the premise is not the story
It’s not so much that I find life particularly dull, it’s just that I don’t like the fact that we live out our days in a dull order. One after another, we’re born, we age and then we die. Day after day. Boring!
I’d much prefer to live out my life in a random way, where every morning I wake up a random age on a random day in my life. I’m not asking for more days, if I live a particular day then I can’t live it again, I would just like to mix them up so all the shitty ones aren’t waiting for me at the end.
Call it a fear of aging or, more accurately, a pretty good idea of what lies ahead.
Wouldn’t it be much cooler to go to sleep not knowing what the next day will hold; physically, mentally and socially? All the great triumphs and disappointments waiting to be lived, each equally as likely on any given morning. Call it a reorganization of consciousness.
Now the big issue is how it would work. When your eyes pop open how would you know what day it is? Are you in school, are you at work, is this the day you lose your virginity or is this the day you have that double root canal?
That’s the most interesting thing about the whole concept. Just before you wake up you’d have to go into a small briefing room and get your daily update. I imagine it like a police holding cell, a single chair on the other side from a table where two people wait with manila folders to give you the pertinent details. It definitely wouldn’t be like some corporate meeting room, I can’t picture that in any of the various scenarios in my head. Nope, this is a small drab room painted in the colors of a government cinder-block building, perhaps gray or vomit-green. The table is rickety and the chair is one of those numbers that has a gray metal back and a seat that is covered with a green vinyl that is torn and peeling. Heavy and uncomfortable. The light would flicker occasionally as if the universe wanted you to know what a hassle your existence is. Your two handlers wouldn’t be so much ill-tempered as disinterested. It’s clear every morning that they have something better they could be doing than bringing you up to speed with your age and background for the day.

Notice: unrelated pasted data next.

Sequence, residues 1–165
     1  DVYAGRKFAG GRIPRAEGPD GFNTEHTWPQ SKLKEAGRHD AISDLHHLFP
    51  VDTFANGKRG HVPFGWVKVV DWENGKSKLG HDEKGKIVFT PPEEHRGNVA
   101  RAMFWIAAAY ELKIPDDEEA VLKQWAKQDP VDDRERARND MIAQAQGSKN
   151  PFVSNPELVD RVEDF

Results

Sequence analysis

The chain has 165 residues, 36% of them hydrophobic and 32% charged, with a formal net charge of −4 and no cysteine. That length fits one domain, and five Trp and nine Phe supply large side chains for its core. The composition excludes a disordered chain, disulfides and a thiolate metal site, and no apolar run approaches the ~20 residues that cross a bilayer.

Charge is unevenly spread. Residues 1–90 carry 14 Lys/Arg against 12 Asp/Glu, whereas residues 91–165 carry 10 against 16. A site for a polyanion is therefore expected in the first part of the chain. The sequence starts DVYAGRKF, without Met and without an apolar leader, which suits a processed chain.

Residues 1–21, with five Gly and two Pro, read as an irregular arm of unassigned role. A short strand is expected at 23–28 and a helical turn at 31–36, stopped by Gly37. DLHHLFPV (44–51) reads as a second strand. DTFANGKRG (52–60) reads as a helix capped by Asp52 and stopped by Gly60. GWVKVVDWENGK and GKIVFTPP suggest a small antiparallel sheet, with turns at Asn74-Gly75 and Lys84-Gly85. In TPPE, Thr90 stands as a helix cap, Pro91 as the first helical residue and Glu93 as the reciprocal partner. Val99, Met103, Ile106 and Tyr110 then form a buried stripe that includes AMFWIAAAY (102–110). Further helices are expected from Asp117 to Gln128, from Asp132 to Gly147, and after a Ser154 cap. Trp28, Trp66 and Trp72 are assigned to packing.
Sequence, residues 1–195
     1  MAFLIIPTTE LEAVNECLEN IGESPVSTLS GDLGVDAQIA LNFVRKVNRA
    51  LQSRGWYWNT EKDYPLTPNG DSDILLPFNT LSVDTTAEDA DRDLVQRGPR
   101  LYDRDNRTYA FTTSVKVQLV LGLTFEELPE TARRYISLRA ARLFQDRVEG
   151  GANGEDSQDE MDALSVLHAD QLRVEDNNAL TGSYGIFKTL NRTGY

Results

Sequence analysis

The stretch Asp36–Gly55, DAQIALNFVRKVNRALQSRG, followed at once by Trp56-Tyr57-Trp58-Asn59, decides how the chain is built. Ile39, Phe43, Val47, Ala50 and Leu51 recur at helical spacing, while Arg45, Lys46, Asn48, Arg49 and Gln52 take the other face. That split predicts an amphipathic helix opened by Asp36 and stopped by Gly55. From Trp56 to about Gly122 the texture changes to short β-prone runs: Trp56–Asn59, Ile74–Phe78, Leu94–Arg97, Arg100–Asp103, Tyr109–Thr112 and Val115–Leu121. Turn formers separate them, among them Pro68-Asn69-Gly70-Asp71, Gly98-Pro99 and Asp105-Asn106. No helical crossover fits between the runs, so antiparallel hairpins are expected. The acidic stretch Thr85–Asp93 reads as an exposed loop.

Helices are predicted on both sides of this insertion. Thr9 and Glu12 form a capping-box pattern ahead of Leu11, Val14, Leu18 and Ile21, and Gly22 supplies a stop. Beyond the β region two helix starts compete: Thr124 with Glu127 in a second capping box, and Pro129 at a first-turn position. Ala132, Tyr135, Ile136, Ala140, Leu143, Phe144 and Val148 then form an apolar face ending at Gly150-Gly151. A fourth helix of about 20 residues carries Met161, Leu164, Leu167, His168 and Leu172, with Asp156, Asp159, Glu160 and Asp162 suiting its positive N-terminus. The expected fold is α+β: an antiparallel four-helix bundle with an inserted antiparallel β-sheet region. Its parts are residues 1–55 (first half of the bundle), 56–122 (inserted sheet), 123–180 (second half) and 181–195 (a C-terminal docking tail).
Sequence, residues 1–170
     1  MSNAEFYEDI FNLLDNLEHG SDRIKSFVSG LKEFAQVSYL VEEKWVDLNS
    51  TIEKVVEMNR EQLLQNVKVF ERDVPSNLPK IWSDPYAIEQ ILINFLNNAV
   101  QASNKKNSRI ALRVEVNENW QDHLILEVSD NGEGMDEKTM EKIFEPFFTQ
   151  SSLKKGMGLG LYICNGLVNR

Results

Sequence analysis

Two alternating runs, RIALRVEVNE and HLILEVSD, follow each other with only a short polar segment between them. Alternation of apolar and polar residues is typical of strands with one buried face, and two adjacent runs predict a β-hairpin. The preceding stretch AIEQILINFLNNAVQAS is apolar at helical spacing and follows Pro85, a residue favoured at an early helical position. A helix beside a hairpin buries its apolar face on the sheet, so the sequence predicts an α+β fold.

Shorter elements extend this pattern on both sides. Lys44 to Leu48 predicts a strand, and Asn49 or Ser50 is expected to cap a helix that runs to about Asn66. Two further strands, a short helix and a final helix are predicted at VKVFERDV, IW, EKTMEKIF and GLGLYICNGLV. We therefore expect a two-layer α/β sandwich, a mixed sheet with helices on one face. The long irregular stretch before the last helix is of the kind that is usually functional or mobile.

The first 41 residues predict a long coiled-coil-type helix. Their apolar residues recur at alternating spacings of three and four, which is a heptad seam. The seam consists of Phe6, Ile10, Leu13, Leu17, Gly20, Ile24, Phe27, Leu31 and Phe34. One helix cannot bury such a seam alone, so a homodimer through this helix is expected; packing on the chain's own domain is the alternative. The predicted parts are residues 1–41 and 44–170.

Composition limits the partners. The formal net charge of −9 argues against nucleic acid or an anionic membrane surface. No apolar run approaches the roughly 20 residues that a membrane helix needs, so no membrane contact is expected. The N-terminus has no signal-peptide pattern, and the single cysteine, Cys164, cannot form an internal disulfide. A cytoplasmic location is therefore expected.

I imagine myself somewhat surly, perhaps even putting my feet up on the table despite its poor condition. I’m sure I’d be excited by the prospects of what lays ahead for me but I surely wouldn’t want them to know it. My face would be a mask of indifference.
But inside … how cool would it be if you were just as likely to live out some great day of your youthful prime as a depressing day stuck in a nursing home or mindlessly crawling around as a baby? Every morning, trying to nonchalantly sit down and wait for that folder to be opened and the particulars of your daily reality to be revealed. I can imagine my fingers nervously picking at the vinyl between my legs, trying my best not to make the hole any bigger, but unable to contain my enthusiasm.
I don’t have the time or energy to run through how all the choices you make impact days you’ve previously lived out. I guess the whole thing presupposes that you’ve already lived your whole life out and now you’re just going through the motions. Whatever. Those motions can be pretty fun and at least you wouldn’t have to deal with the fact that every day you get another day older.
Can you picture the two people sitting across from you giving you the specifics before they see you off each morning? I’ve got one man and one woman. The man drinks bad coffee out of a Styrofoam cup and wears white socks with black dress shoes. I don’t think he realizes that you can see his socks when he’s sitting. The woman is middle-aged and although not unattractive I find her unappealing physically, but her advice on certain topics is sometimes valuable. I like to think when the man tells me “Don’t do anything stupid” each day seconds before I am launched into my life he says it with some affection.
If you stop and think about it, I guess you still have to deal with the fact that every day you have one less day ahead of you. In fact, after awhile you can probably figure out that you’ve never lived a day past a certain age so that must be when you die. You could probably do the math in your head and figure out how many days you have left. Not sure that’s a big selling feature of my little plan but I think it still beats slowly aging and losing virility and mental faculties.
Maybe there will come a morning meeting when your two handlers will point out that this day is your last, and they will stand and shake your hand and tell you it’s been a pleasure working with you. Wouldn’t it be great on some level? Going into your last day feeling great. Perhaps you’re 16 and it’s summer vacation and you can go climb a hill on a cloudless day and stare up at the blue sky.
I can hear the squeaking noise the chair makes as I pull it out from under the table and briefly cross the tile floor so I can sit down. I’m not sure whether each morning the guy pulled out my folder from a well-worn briefcase he has sitting next to him, or if the folder is always sitting there on the table as I walk in. Either way, was that a quick flicker of remorse in the female’s eye as the folder is flipped open for the final time?
I guess there is still the chance that I will spend my last day alone, incoherent and sitting in a puddle of my own urine, even in this version of living out my life, but I certainly like my odds.
Will I be 16 and strong of body and stupid between the ears in all the great ways you can only be when you’re young? Can I lie back on the grass and fold my arms behind my head and watch the sun set and the stars start to twinkle above me until I drift off to sleep?